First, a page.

Sigma M42 Autofocus Zoom

Discussion in 'Classic Manual Cameras' started by ashleypomeroy, Nov 6, 2008.

  1. A while back I noticed an auction on eBay for a bizarre lens that still baffles me. It was a Sigma zoom lens, I
    believe from the 1980s, with an M42 screw mount, but it also had an autofocus system. The autofocus mechanism was
    powered with AA batteries, and resembled the autofocus system for the old Canon T-80 (with a box protruding from
    the side of the lens), except that it was less bulbous. The autofocus was activated with a button on the side of
    the lens; the seller was understandably confused as well, although it was definitely an M42 lens. I don't think
    it sold for very much, perhaps on account of its total obscurity.

    It still haunts my dreams. I expect the optical quality was so-so, but the concept of an autofocus M42-mount lens
    seems oddly anachronistic. I believe it was something like 35-80mm, f3.5-5.6. Was it a one-off, was it in fact a
    recent lens made as an odd luxury item for the Voigtländer Bessaflex, or something along those lines?
     
  2. It may have been an early autofocus lens designed for non-autofocus cameras. I know Ricoh made one as well (i
    think it was shown here, in fact) that was a K-mount. I think the knock on them is they work pretty slowly and
    have to have sensors outside the viewfinder like the old Canon CAFS system, which was at least integrated into
    the camera. They may be one-shot autofocus as well (i.e. you aim, press a button on the lens and focus is set -
    you would have to reframe and press the button again to refocus). I'd call it a curio and don't know how the
    performance is since I have no interest in these lenses.
     
  3. It wasn't an M42 version of this lens?

    h--p://www.praktica-collector.de/Pentacon_Prakticar_AF_55_200.htm

    I've never seen one, they're apparently very rare, and, like you, I found the whole thing a little astonishing. Sigma made them for Parktica B mount, but may have made them for other mounts. I can't see why an M42 mount would not have been possible since all the magic bits were in the lens.
     
  4. A long time ago I saw something like this for the Minolta MD mount.
     
  5. Last year I had my hands on a Ricoh K-mount Auto focus Rikenon as was mentioned here. I wasn't all that crazy about it. I didn't take any pictures with it, but the autofocus wasn't all that reactive. If you've got an M42 camera, stick to the manual focus lenses. I did.
     
  6. These lenses were first generation autofocus technology similar to the Canon T80, and were noted for being slow
    to focus. Worse still, with these lenses, I don't see how you'd know when focus was set without any indication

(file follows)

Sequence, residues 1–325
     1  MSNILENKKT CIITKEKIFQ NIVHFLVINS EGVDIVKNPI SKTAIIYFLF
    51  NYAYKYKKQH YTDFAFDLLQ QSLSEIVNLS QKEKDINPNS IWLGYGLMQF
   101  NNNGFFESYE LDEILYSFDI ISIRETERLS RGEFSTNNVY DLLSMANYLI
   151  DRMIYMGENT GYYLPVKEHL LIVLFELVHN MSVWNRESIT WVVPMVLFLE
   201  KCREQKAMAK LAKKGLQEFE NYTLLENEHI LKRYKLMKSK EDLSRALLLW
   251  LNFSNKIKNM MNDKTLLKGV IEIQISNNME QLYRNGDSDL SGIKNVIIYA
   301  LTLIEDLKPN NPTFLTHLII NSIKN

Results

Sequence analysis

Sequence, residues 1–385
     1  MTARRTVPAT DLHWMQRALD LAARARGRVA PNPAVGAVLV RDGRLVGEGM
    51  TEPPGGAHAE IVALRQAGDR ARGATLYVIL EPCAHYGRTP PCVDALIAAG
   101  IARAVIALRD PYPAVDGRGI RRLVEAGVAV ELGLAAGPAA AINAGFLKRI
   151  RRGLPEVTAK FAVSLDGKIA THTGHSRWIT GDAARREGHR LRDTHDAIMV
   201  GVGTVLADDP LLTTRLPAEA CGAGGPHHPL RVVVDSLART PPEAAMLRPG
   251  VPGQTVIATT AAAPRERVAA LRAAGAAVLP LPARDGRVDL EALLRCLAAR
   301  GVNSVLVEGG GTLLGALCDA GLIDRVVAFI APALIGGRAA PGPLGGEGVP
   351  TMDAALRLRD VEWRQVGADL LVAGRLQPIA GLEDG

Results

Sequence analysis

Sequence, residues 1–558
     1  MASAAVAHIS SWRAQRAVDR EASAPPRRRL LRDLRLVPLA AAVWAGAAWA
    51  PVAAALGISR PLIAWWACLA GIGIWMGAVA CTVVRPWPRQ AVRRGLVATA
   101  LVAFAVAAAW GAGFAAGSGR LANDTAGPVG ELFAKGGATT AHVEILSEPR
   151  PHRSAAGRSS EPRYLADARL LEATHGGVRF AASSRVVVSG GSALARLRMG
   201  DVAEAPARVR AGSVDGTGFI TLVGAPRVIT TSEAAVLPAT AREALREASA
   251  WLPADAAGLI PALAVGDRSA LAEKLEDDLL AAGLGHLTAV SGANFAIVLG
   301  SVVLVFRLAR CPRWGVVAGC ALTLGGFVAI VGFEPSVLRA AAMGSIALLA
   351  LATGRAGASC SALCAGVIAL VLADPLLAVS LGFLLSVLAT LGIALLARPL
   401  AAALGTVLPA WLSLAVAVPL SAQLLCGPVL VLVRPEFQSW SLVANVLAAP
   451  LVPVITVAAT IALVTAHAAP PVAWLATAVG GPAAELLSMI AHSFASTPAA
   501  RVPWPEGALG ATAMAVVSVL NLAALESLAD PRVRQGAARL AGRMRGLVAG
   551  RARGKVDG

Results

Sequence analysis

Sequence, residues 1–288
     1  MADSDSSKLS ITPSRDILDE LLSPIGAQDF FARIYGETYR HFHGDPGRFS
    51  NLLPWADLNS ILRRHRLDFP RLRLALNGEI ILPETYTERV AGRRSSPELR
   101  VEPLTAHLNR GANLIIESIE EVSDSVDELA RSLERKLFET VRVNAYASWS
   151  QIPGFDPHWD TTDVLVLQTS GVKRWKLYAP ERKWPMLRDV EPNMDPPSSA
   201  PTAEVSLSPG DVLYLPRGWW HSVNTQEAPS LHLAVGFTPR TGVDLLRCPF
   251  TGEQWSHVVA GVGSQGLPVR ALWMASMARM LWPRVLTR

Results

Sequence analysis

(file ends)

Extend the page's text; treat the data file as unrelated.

within the camera. That's why I thought they would be one-shot autofocus, because continuous autofocus would be
    very difficult to judge, and the focus would have to be set before the shutter could be released and there's no
    connection between the two acts except by the photographer.
     
  7. Chinon made some like that. They were a 50mm and a 35mm to 70mm in K mount. Vivitar made a pair of zooms like that which supposedly sell well used. One was a 70mm to 200mm and the other was a 35mm to 70mm. They were available in various mounts.
     
  8. I have the 70 -200 vivitar af zoom in canon fd mount that I use on my canon t90 ( and with canon b adapter ) on my leica screwmont cameras including bessa r - very good lens good af response fun to use with old leica m2 that has frame projections in the viewfinder
     
  9. I think it was me who bought that lens on ebay - it's the only one I've seen on there. I think it was a "buy it now" at £75 GBP.
    It was indeed the Sigma 55-200 zoom, f/4.5 throughout the zoom range.
    I first came across the lens in the 1980s, when I was shooting a Practica BC1 (proud to say I still am, occasionally). There was a P Bayonet version. I was seriously interested, but was deterred by reports of "slow AF" and ended up starting my Nikon AF career. I might try to find out what the PB version cost in those days.
    I've been collecting a few M42s over the last year or so - mainly CZJ and Suoer Takumar. I had become resigned to not being able to use them much on my Nikons, because of the inability to focus to infinity without an adapter with a correcting lens - which have a poor reputation for optical quality.
    Last week there was one on ebay for only a few pounds, so I bought it and have just finished my first test shoot on my D700. Optical quality judgement will have to wait a bit, as I haven't worked out yet how to keep the pin depressed to allow me to shoot stopped down. I should be able to work out if the correction lens is causing a problem by comparing shots from the Nikon with ones from a K10D I have access to.
    The AF performance - yes it is single shot, no tracking - is actually pretty good, it's gloomy out in the woods today but on this body anyway, the AF worked fine. I even got a focus confirm "beep" as well. The button on the lens doesn't come naturally but that would be my only niggle.
    John Winterbourne
     
  10. I believe Tamron offered two in Adaptall mounts: A 28-70 and a 70-210 (or similar range). Probably work like the Vivitar.
     

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